Your solicitor/s will handle the specifics of your Relationship Property Separation Agreement, update your Wills and document and finalise your sale.
Special considerations when taking this approach
While this approach is simple it can also be made complicated and drawn out because of the emotional upheaval and resulting power struggles that often accompany separation.
Instead of negotiation with buyers on the open market why not negotiate with each other? Leave as much emotion as you can at the door and think about what you want, what your ex wants and try to negotiate a win-win. You both want to be ok in the future. One or both of you might be afraid of losing your foothold on the property ladder. If you have children they will likely be spending time at both homes so it's in both of your interests to be fair so that the children are ok. For there to be a winner there doesn’t have to be a loser.
Is your ex driving you nuts? Are they being unreasonable and demanding? Acting like their perspective is the only one that matters?
Take a deep breath and quantify what conceding some ground would mean for you. Do they want an extra $10,000? What would your real estate fees be if you sold on the open market with a reputable firm? How about moving costs? Would your share be more than $10,000? Sometimes it’s not a terrible idea to take one step backwards if it allows you to take ten steps forward.
Well if you’re here it’s likely because Option #1 or #2 are not viable for you.
To get the best result it is essential that you are both on board with selling and engaged in the process, otherwise, you may hit a snag when it is decision time and that will cost both of you.
Both of you should meet the agent, together or separately prior to engaging them. Or, if you have been tasked with selecting your agent, make sure your ex has the opportunity to have a meet and greet with the agent in person or on the phone before your campaign starts.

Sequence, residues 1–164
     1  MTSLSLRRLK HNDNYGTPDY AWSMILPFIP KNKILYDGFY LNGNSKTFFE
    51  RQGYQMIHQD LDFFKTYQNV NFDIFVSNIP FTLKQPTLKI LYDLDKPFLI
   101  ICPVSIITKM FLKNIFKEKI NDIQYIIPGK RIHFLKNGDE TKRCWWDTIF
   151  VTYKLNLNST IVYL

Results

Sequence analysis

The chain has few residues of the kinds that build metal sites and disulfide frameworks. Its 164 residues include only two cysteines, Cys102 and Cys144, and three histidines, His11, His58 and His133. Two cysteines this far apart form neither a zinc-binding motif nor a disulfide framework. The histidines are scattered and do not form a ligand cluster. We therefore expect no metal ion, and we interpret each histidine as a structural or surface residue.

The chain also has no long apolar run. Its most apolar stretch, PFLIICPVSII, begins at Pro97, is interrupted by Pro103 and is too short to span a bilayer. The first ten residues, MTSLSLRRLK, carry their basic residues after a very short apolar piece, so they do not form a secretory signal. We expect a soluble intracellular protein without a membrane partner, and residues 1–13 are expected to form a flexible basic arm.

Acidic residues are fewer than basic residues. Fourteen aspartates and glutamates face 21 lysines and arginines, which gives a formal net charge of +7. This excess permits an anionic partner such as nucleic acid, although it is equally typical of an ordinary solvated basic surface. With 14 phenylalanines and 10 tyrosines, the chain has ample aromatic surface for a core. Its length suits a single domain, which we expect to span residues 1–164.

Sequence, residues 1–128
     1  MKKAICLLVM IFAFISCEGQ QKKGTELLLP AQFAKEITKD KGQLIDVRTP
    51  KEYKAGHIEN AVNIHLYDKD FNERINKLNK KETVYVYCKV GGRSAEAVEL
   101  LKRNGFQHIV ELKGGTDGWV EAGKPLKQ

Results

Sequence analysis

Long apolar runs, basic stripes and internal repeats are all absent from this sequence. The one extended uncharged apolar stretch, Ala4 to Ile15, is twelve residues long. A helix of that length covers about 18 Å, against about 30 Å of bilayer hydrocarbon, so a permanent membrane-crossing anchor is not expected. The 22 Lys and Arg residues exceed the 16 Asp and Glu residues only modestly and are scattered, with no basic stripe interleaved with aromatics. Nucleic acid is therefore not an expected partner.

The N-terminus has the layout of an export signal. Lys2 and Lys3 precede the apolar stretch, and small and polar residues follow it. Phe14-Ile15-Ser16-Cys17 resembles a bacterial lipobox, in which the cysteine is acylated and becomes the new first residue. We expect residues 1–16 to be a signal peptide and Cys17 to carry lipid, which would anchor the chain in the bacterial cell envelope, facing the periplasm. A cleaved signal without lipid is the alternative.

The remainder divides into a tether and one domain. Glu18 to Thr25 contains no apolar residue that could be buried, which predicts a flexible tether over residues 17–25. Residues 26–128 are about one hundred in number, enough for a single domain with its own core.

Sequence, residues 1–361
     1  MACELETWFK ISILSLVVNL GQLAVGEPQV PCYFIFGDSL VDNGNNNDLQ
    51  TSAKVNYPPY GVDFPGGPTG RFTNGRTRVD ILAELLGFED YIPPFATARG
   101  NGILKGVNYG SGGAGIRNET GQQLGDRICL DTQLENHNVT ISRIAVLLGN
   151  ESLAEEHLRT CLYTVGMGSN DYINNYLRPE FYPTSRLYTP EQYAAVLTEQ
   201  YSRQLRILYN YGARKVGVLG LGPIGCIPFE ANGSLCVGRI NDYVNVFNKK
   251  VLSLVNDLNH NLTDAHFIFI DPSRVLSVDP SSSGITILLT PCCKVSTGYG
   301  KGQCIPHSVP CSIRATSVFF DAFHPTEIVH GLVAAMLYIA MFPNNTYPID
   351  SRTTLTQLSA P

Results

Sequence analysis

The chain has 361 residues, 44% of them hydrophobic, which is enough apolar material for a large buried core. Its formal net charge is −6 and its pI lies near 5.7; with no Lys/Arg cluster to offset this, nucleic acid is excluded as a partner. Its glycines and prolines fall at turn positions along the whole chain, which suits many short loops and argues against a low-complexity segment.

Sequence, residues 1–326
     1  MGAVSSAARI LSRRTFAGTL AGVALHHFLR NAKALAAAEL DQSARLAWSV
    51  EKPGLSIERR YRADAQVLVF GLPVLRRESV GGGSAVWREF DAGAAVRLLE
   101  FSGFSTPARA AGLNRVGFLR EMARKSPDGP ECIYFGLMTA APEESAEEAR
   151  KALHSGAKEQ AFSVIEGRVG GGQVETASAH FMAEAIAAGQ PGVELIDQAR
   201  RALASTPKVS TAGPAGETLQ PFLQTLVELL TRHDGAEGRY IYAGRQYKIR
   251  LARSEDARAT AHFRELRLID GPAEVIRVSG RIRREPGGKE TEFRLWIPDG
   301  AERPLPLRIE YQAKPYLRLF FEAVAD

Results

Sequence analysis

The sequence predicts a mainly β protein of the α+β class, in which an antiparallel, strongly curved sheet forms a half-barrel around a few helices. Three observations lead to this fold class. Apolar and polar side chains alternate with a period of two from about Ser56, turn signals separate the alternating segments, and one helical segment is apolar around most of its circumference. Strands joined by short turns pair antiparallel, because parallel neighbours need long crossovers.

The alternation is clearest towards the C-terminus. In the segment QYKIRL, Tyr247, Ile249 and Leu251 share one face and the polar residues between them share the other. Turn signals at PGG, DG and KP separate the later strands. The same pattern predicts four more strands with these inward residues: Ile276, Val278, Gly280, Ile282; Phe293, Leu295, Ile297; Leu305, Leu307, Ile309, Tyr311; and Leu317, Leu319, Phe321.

Txt or email group achieves this easily. If you prefer phone calls or meetings ask them to call or meet with you both - separately or together. This eliminates Chinese whispers or resentment about one party having an information edge.
There is seldom any benefit to you of advertising your separation. You certainly don't want to signal 'fragility or need' to your buyers.
If you are selling and splitting the difference every dollar matters. To both of you. Using the sale process to point score, refusing to communicate in a timely manner with each other when needed or dragging up relationship hurt when you do only serve to create financial hurt for both of you in the future.
Friends and family are invaluable in terms of support during separation and are genuinely well-meaning but can also get swept up in the emotion of the situation and, unless they are real estate experts, their advice to make sure you get ‘the right outcome’ can secure you exactly the opposite. Listen to the experts you have chosen and let them do their job.
Note for when you need additional support.
Including trusted family members or friends in your meetings with your agent and/or sharing your reports and feedback with them may be reassuring for you while also giving your support team peace of mind that you are making the right decisions. If you need that extra back up, don't be too embarrassed to ask for it.
A Final Word...
If you are separating and this article has been helpful, why not share it with your ex? Sometimes it can help to have objective advice from a stranger who isn't a stranger to the situation you find yourself in.
The best of luck with your decision making! And here's to happier days.